Folks, You Can't Buy This at the Store!

What is Pastured Poultry?

Pastured poultry is a production model designed to enhance the natural foraging tendencies of chickens.  Cornish Cross is the typical breed raised for use as meat birds (broilers/roasters) and are most commonly found in the commercial poultry industry. The pastured poultry method employs mobile, bottomless chicken shelters allowing the birds direct access to fresh air, grass, and sunshine.  The shelters are moved daily to ensure their “salad bar” is fresh and plentiful.  The chickens are raised for 6-8 weeks and then processed on the farm.

Why Pastured Poultry?

The commercial poultry industry is focused on how to produce and process chickens by using the quickest and cheapest ways possible.  What is wrong with this methodology?  The chickens are not allowed to express their natural tendencies to forage and are instead crammed into confinement houses where fecal dust causes respiratory problems and many other health issues.  Productivity is therefore maintained by the use of antibiotics.  These chickens never feel the warm sunshine, breathe fresh air or eat green pasture. Even commercial organic chickens tend to live in crowded and unhealthy conditions, the only differences being the organic status of the chicken feed and an “access to the outdoors” with no specifications regarding the required size for this space.  Chickens living in unhealthy conditions produce a weaker and inferior product.  These industrial chickens lack muscle tone and the soft and mushy muscle ends up soaking in up to 10% of its retail carcass weight in chill tank water, which due to the volume of chickens processed, includes fecal matter (Salatin, 1993).  The pastured poultry model produces a clean and nutrient-dense product with superior taste and quality.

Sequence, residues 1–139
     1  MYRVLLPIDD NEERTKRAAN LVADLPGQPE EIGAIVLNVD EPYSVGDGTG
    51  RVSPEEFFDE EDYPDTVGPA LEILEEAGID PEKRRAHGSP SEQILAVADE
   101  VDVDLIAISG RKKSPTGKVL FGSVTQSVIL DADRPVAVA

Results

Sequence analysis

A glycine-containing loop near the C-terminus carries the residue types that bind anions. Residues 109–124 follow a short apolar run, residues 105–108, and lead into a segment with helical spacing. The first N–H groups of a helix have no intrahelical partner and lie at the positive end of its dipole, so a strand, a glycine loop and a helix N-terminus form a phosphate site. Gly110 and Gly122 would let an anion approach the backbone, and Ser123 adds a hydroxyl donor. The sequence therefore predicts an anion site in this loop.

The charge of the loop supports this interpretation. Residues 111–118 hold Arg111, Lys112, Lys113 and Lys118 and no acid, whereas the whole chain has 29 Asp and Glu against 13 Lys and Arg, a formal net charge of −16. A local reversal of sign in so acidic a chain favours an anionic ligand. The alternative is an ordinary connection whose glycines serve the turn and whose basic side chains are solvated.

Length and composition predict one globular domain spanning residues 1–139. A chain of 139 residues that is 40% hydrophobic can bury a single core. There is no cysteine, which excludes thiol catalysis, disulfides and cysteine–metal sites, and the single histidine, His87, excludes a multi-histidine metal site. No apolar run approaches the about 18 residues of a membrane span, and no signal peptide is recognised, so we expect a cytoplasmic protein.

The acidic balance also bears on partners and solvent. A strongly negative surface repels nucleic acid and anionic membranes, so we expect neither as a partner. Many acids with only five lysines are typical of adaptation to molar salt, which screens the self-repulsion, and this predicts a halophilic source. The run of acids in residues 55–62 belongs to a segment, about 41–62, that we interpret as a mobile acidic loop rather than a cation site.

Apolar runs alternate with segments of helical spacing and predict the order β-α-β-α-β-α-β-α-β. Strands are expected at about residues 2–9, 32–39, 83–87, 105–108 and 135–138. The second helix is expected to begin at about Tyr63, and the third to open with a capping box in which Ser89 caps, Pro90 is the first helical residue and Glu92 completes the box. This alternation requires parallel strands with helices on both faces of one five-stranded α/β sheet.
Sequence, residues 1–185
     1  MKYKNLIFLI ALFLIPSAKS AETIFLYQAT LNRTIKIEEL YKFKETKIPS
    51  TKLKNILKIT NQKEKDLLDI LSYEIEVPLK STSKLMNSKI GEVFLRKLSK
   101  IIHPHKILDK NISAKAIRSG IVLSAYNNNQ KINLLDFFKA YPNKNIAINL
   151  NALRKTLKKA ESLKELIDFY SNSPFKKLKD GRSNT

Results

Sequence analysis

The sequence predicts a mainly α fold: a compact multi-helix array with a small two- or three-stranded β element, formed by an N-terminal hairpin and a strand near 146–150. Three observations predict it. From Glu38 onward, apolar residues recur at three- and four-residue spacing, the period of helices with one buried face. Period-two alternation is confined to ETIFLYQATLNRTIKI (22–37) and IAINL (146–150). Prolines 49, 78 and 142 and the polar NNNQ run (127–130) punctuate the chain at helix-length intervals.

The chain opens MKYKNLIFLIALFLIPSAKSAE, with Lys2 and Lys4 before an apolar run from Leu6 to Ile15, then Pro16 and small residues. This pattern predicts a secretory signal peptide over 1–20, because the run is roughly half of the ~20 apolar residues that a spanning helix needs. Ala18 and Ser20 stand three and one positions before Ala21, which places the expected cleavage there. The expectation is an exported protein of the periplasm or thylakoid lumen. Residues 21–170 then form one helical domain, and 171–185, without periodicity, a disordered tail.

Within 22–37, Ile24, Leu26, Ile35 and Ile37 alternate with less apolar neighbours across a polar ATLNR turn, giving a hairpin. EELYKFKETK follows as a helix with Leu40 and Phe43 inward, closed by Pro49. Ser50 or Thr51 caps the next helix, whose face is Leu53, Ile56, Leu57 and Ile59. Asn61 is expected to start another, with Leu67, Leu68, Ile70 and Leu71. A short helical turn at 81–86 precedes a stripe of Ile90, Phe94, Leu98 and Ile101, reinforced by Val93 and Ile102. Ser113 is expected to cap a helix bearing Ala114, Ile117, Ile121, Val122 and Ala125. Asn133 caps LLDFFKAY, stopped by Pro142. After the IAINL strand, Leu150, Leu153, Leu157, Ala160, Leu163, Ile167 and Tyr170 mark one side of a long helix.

Poultry Processing

Industrial poultry processing begins with the chickens being loaded up and sent to a poultry processing plant.  The chickens are then put in shackles to be killed.  Mechanical killing requires the chickens to be still in order for the cutting wheel to hit the jugular vein.  To accomplish this, the chickens are stunned with an electrical current, which inhibits the chicken from bleeding well and causes the black clotted blood found around the bones of commercial chickens (Salatin, 1993).  Next, mechanical evisceration is used to remove the birds’ innards and many times results in fecal contamination as a result of the intestines breaking.  This is why commercial chickens can be given up to 40 chlorine baths during the course of processing the birds, which then leads me to wonder how much of that is soaked up into the soft muscle of the carcass?

On farm processing starts with the birds being taken from the pasture to the processing site in plastic crates.  Killing cones (stainless steel funnels) are used to hold the birds still while the carotid artery is cut allowing the birds to naturally pump out the blood completely.  Next, the chickens are put into a scalder that rotates and dunks them in order to loosen the feathers and helps them to come out by the root and produce a clean and smooth skin.  The feathers are removed using a plucker.  A plucker is a rubber-fingered drum that rotates the birds and agitates the feathers to separate them from the skin.  Next, the feet and the head are removed along with any other pin feathers or hairs the plucker missed.  These birds are then put into a water tank to rinse and wait for evisceration.  Evisceration starts by removing the oil glands from the tail.  With the gentleness of the human hand, the crop, esophagus and windpipe are then loosened around the neck and breast and the entrails are removed from the opposite end.  Hearts and livers are saved and birds are then rinsed and put into a chill tank to wait for the final quality control inspection.  Once birds pass inspection, they are put into the final chill tanks and then packaged.

Who does the on farm processing???  The farmers....who raise and care for the chickens from the beginning and wish to make the best product the market has to offer.


Salatin, J. (1993). Pastured poultry profits. White River Junction, VT: Chelsea Green Publishing.

Melissa George